10 months ago

Selwyn Times: August 22, 2017

8 Tuesday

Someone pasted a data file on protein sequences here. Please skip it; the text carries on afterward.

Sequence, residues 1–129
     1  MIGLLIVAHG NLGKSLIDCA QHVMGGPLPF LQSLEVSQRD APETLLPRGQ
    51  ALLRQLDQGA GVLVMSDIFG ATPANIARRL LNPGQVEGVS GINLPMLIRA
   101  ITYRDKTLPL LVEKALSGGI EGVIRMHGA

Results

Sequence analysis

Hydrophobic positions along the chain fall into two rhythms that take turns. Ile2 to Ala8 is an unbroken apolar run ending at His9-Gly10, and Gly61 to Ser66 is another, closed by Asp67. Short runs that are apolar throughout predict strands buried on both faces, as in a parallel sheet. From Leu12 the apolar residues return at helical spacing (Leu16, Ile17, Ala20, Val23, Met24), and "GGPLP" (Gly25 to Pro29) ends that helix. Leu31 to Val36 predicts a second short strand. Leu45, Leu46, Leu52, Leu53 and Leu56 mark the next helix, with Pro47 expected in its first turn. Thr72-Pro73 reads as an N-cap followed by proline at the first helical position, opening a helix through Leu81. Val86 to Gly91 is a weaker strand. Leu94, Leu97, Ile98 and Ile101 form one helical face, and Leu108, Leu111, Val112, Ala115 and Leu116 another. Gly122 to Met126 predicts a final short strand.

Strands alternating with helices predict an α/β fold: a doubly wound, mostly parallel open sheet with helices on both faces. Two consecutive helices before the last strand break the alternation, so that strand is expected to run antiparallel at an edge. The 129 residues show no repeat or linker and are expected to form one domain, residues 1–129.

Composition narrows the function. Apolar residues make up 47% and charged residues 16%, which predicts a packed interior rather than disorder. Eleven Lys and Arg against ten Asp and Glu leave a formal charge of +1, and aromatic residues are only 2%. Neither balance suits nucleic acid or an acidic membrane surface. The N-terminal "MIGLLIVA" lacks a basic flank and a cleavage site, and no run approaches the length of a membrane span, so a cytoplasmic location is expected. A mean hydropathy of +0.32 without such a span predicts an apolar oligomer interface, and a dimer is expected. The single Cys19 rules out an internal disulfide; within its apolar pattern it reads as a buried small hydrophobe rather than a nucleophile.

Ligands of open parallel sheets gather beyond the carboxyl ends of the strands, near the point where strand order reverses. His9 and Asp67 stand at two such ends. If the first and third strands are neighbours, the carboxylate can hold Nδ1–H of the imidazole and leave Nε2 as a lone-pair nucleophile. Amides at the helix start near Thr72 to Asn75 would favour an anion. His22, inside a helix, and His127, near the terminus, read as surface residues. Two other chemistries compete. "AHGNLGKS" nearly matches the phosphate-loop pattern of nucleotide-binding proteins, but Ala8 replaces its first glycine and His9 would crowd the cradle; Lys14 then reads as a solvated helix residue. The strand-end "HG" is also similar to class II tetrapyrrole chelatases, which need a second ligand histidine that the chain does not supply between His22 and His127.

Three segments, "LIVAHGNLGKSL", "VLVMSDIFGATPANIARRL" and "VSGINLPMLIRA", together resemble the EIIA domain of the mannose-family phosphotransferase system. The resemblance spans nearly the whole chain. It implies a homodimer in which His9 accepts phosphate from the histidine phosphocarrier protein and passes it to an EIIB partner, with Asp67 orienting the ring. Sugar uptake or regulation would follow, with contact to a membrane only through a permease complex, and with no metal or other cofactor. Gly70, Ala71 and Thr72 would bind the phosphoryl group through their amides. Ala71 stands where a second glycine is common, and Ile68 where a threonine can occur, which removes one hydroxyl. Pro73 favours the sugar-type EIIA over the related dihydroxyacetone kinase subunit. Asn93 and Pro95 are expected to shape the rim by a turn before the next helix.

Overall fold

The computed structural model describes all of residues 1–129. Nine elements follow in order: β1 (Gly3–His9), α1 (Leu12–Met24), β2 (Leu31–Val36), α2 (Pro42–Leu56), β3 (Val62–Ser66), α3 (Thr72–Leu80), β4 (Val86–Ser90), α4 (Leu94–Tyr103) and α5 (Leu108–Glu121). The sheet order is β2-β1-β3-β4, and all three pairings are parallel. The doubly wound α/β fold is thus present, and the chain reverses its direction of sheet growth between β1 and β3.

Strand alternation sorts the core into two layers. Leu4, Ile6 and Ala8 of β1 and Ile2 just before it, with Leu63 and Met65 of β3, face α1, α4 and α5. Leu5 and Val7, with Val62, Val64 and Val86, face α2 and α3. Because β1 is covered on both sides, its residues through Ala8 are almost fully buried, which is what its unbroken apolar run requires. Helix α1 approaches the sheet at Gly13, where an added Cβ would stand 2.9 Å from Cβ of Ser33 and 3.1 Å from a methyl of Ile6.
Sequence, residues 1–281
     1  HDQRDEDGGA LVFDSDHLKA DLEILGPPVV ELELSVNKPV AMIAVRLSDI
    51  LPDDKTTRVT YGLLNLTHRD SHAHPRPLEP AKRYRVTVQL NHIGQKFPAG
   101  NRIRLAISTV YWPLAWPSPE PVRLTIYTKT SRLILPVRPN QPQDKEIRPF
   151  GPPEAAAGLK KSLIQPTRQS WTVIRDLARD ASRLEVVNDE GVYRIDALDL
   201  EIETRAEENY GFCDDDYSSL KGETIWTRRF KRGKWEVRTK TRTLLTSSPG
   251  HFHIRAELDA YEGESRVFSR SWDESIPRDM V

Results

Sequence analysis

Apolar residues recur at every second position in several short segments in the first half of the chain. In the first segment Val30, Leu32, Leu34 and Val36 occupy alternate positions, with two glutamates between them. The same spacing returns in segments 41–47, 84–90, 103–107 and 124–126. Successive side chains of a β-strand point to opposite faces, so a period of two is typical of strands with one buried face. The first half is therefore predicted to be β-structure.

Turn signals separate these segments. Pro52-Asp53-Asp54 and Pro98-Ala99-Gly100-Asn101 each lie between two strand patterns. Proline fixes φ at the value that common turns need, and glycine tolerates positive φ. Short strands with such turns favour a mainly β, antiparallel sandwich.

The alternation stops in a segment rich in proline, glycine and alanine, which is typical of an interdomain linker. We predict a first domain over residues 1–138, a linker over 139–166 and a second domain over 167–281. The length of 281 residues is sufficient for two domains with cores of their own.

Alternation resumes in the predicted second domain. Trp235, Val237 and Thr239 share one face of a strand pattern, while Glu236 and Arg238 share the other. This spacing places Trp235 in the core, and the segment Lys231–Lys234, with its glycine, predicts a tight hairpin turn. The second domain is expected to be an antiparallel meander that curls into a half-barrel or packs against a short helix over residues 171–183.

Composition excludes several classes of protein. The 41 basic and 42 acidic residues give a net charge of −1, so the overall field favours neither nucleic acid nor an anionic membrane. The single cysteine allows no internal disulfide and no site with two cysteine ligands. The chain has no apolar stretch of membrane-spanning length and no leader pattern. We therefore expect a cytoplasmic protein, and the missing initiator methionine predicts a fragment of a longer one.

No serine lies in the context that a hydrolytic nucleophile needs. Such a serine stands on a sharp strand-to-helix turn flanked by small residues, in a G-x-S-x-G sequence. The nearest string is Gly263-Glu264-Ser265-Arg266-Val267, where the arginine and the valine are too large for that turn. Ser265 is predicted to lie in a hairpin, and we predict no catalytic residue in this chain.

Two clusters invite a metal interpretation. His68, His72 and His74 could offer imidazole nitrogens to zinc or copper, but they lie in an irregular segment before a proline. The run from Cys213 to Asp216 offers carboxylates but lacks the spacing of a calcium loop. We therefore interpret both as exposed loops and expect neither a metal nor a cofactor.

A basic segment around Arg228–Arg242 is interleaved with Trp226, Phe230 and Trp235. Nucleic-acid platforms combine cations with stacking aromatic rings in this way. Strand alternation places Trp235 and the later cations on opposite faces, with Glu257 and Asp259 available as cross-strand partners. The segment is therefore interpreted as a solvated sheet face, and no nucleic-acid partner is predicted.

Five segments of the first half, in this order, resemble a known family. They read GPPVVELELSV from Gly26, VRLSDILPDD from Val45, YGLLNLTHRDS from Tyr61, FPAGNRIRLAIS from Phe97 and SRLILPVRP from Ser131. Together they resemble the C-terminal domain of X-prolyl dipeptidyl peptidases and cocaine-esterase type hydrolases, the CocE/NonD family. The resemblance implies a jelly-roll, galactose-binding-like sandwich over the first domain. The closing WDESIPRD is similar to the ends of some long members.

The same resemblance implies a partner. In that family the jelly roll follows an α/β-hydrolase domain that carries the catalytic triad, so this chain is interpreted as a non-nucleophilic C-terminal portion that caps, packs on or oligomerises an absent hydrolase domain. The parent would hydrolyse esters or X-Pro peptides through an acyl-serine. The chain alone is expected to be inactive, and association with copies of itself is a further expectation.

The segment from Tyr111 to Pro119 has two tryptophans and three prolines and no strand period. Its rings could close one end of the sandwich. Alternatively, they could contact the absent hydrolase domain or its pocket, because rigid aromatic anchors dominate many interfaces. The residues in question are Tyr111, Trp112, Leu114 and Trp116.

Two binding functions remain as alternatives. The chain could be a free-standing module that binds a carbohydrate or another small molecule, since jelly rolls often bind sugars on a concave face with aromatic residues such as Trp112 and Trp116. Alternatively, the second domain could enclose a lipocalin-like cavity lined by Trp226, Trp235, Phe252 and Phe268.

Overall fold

8 Tuesday August 22 2017 Latest Christchurch news at SELWYN TIMES Your Local Views Readers respond to the Selwyn Times’ article on the water meeting held recently: ews the Hills to the Sea, published in Jan and John Zervos – Revisit the book Selwyn From 1997 by the Ellesmere Camera Club with the backing of the district council. We are now 2017, 20 years exactly have passed. The book makes one aware of the massive acceleration of damage to our waterways since ashion its publishing. Dairying and unbridled growth in what were until very recently small country towns are the main driving forces. Interestingly the book also gives an insight to a possible agenda for certain business conglomerates to be in favour of Lake Ellesmere/Te Waihora complete demise, opening it up Gardening for another use. The air in Lincoln tonight reeked of what smelled like raw sewage. It’s really a question of whether we continue our complicity with a system obsessed with computer models, data collecting and forever talking in circles at meetings which are all really just delaying otoring actions, or do we not? Readers respond to the article on Selwyn having some of the most dangerous intersections in New Zealand: Chris Bartram – As a resident of Jones Rd, whose property has been damaged by cars twice in the last six months, and also a keen cyclist – the fix for cutting the accident rate on this quite narrow access road is simple. Lower the speed limit to 80km/h which will get the trucks and rat runners off this stretch of road and onto the Main South Rd (50m away). Paul Houston – In regards to the article on the Shands Rd-Blakes Rd intersection. I turn right from Blakes to Shands Rd heading east every morning. This is an extremely dangerous intersection, getting worse with the traffic coming in from Lincoln. This will get worse again with the new interchange under construction, with even more traffic wanting to turn right from Blakes onto Shands, trying to access the interchange. Suggestions are: To make Blakes Rd an underpass under Shands Rd, and to swing around, merging back on to Shands Rd. Roundabout traffic lights. I see that the north end of Blakes Rd becoming a cul-de-sac will have minimal impact on traffic turning right onto Shands. This road has only got busier and I have witnessed a number of accidents on this corner. As mentioned in your article, there have already been fatalities at this intersection. When there is a queue of six to eight cars in the morning wanting to turn right on to Shands Rd, some cars will turn left, go down Shands Rd, then do a U-turn, which doesn’t help the people turning right. I look forward to any feedback on this. David Snook – Shands Rd has become a major thoroughfare for residents of the expanding areas around Lincoln and Rolleston (among others), so in addition to increased traffic volumes, there are increased numbers joining and leaving Shands Rd. Contributors to the “problem” include: Visibility. Vehicles without lights during periods of poor/ challenging light conditions (sunset/rise, fog etc.). A vehicle approaching you out of the gloom is an unlit, dark coloured vehicle which surely should be the first to switch-on for their own safety. The failure of motorists to stop at stop signs. Motorists who fail to indicate their intentions with adequate timing. Failure to maintain appropriate following distances – especially when road conditions (wet) demand it. Poor choice of route; there are multiple points where you can join Shands Rd, some intersections are busier and are perhaps not the best choice. Right turns are particularly troublesome, perhaps some intersections should have “no right turn” status. Slow moving (farm vehicles for example) should be “discouraged” from using high-flow roads during peak travel times. Due to the number of intersections and driveway entrances, Shands Rd should be considered for “no passing lines”. Selwyn District Council chief executive David Ward – Your Soap Box correspondent Caitlin Miles (August 15, Long wait is almost over) has challenged the district council to provide public transport services for smaller townships. We would like to clarify for your readers that the planning and provision of public transport in the Canterbury region is the responsibility of the regional council, Environment Canterbury. Selwyn District Council staff and elected members continue to advocate for improvements in the provision of public transport in our district. asty Bites Selwyn MOVIE NIghts oney Sheffield Volunteer Fire Brigade mud plug NOW SEpTEmBER 24 TH no alcohol | no dogs | gumboots essential | hot food and drinks available • $30 PER FAMILY • $10 ADULTS • UNDER 15 FREE • held at the property of derek bull farm - cnr of main west coast road and waimak gorge road sheffield FOR further enquiries phone nev on 021 650 554 or keith on 027 229 4418 THE GRAND BUDAPEST HOTEL (M) FRIDAY 4 AUGUST, 8–10PM LINCOLN EVENT CENTRE SELWYN DISTRICT COUNCIL RECOMMENDS A MATURE AUDIENCE OF 15 YEARS+ Selwyn Movie Nights TICKETS ON SALE NOW AT EVENTBRITE.CO.NZ fall in Love with your favourite furniture all over again. 30 YEARS EXCELLENT RANGE OF FABRICS EXPERIENCEFREE Recover your couches and chairs and save money! 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SELWYN TIMES Latest Christchurch news at Tuesday August 22 2017 9 Volunteer firefighters simply want to help The district is fortunate to have huge numbers of volunteers committing significant time to help clubs, organisations and causes. Lincoln Volunteer Fire Brigade chief fire officer Jeremy Greenwood explains why firefighters do their bit to help I’M CONSTANTLY amazed at the support volunteer firefighters in the district receive from the public. As chief of the Lincoln brigade I see it every week. I’m unsure the exact reasons but suspect it has a good deal to the fact that fires, emergencies and natural disaster do seem to affect us all. People value the time, commitment and family sacrifice that our firefighters make to help our community. I was once asked by a woman visiting the Lincoln fire station: “Is there a typical time that the alarm goes off?” Before I could answer one of my colleagues interrupted: “Usually dinner time or kids’ bath time!” The comment was made in jest, but the message was simple; you never know when the alarm will sound but it’s often at an inconvenient time. The fire alarm can go at any time of the day or night, 365 days of the year. The amount of weekly training we are required to undertake is astounding and added to that are additional weekend specialist courses that we’re required to attend or choose to attend. We’re constantly involved in formal initiatives to educate children about fire safety and this sees our crews regularly visiting schools, pre-schools, Cubs, Scouts, Guides and so forth. We also work hard to ensure the fire safety messages get through to other groups within our community; farmers, the elderly, landlords and tenants and the disadvantaged. This help could be as simple as alerting people that they could be eligible for subsidised home smoke alarms, and then installing them at no cost. So, why do we do it? It’s challenging, rewarding and a great way to meet people within the community. Most of all, we simply want to do our bit to help. Pams Fresh NZ Oven Ready Chicken 1.5kg Fresh NZ Quality Mark Lamb Leg Roast $ 10 99 ea Love Apples Eve Loose Product of New Zealand $ 4 99 Coca-Cola, Sprite, Fanta, Lift or L&P 1.5 Litre or Keri Fruit Juice or Drink 1 Litre (excludes Premium) ANY 2 FOR NEW! $ 12 99 $ 2 99 CadburyChocolate Block 155-205g $ 2 99 ea kg kg Maggi Soup for a Cup 2-4 Pack $ 1 99 Wither Hills or pk Tegel Chicken Nuggets, Bites or Steaks 800g-1kg $ 10 99 ea Speight’s Gold Medal Ale or Summit Lager 12 Pack 330ml Bottles $ 18 99 pk Lindauer Special Reserve 750ml (excludes Pinot Noir) $ 12 99 ea Specials available South Island only from Monday 21st August until Sunday 27th August 2017 or while stocks last. Wine and beer available at stores with an off licence. Wine and beer purchases restricted to persons aged 18 years old and over.